The specialty drinks are part of a larger push to get passengers to pay for a little in-flight luxury. Fliers can now opt for more legroom, Internet access or even shorter security lines, all for an extra fee. Those perks and others -- along with baggage fees -- now account for nearly 7 percent of U.S. airlines' revenue. That's up from just 2 percent five years ago. The government doesn't require airlines to break out specific data on alcohol sales.
But airlines are clearly doing everything they can to drive liquor sales. And it's not just by putting fancy drinks on the menu.
Want to buy a drink for that lovely lady across the aisle? Virgin America will soon launch a "send a drink" feature. Passengers can use the plane's seatback entertainment system to buy their neighbors a margarita, merlot or maybe a shot of tequila.
When people fly is a significant factor in how much they'll drink, according to GuestLogix, which processes about 90 percent of onboard credit card transactions for North American airlines.
Fliers drink more on Thursdays than any other day of the week, with alcohol sales in the past year averaging $62 per flight, according to GuestLogix. For many consultants, salesmen and other frequent fliers, Thursday marks the end of their week away from home.
"That's when I let loose and wind down," says Oscar Rondon, a road warrior and director of cable network sales systems for WideOrbit. "After a long week, it's a nice reward ... even if it's in a little tiny plastic cup."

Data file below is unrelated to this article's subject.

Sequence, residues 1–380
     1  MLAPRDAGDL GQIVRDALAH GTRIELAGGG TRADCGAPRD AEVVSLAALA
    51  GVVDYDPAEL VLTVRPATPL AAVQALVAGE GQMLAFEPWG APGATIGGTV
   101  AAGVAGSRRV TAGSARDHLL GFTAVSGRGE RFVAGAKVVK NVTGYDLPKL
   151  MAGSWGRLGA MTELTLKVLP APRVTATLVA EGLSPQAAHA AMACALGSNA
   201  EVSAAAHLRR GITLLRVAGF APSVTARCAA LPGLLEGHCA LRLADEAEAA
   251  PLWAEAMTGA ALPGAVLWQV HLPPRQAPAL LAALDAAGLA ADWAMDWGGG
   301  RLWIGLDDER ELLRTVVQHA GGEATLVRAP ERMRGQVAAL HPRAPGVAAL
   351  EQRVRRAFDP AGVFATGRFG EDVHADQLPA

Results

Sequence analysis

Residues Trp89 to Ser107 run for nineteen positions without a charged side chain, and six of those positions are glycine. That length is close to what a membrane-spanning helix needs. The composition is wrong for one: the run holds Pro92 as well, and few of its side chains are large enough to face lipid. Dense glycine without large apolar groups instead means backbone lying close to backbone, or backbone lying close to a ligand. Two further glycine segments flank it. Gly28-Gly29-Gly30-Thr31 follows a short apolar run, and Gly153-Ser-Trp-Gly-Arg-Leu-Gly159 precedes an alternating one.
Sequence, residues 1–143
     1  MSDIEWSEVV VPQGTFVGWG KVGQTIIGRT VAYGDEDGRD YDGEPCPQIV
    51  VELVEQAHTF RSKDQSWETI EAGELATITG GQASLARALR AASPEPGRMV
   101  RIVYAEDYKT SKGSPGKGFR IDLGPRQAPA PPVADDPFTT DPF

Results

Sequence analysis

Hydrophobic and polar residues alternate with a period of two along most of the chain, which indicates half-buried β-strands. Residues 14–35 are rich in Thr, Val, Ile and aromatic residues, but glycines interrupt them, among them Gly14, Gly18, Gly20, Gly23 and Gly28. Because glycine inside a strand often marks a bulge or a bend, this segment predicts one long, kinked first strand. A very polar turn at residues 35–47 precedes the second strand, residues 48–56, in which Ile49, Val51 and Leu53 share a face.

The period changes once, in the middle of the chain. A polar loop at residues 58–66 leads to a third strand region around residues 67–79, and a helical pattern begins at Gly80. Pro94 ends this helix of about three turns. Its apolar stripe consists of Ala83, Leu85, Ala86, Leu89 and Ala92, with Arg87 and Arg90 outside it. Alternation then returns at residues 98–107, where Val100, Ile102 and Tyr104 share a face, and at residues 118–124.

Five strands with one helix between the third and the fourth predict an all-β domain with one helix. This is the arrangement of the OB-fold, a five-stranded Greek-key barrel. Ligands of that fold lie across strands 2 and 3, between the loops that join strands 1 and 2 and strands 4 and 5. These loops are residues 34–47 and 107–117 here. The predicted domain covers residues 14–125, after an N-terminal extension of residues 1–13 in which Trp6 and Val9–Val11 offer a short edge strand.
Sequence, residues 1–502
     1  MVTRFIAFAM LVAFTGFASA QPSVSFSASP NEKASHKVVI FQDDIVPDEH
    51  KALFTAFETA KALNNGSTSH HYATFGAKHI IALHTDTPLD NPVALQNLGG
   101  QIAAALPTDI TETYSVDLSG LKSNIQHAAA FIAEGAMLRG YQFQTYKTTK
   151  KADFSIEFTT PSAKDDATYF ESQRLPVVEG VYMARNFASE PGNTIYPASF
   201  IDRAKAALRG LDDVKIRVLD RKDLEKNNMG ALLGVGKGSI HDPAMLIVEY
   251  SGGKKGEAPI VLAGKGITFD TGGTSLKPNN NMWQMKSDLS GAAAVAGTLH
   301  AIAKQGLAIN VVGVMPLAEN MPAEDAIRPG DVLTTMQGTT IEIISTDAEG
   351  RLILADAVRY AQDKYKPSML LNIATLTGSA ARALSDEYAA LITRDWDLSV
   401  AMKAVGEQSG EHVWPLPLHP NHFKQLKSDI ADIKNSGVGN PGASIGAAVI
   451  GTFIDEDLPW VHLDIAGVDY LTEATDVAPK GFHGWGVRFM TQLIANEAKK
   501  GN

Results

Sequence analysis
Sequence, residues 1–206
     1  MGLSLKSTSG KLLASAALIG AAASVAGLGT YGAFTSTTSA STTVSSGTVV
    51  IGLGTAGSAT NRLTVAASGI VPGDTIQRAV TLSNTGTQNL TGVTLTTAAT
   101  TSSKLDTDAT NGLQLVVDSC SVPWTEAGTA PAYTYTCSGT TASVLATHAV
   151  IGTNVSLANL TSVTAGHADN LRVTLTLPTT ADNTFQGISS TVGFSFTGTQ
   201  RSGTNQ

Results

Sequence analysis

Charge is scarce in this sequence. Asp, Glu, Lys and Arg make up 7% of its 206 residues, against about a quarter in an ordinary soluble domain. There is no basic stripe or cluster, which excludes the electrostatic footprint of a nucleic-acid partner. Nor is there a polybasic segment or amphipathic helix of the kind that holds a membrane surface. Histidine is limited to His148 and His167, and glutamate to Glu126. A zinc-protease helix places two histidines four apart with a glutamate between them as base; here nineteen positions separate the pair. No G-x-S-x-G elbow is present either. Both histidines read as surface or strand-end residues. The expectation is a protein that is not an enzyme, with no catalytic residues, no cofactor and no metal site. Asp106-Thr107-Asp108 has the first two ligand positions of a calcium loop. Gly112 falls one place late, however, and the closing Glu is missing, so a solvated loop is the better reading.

Fliers drink the least on Mondays -- average liquor sales per flight are 44 percent below Thursdays.
Time of year and the destination also determine how many Bloody Marys, vodka tonics and beers are poured.
The week of March 8 -- spring break -- had the highest overall liquor sales in the past 12 months at nearly $58 a flight. The slowest time of year is right after Christmas and New Year's, when passengers have already had plenty to drink and many are traveling with their families.
Alcohol sales on flights heading to Las Vegas average $99, nearly double the industry average. The trip home isn't as happy; only $49 in liquor is sold per flight.
"Vegas passengers are big drinkers," says Betty Thesky, a flight attendant with a major U.S. airline and author of "Betty in the Sky with a Suitcase: Hilarious Stories of Air Travel by the World's Favorite Flight Attendant." Those are the same folks "who sat in the 'smoking section' back in the day."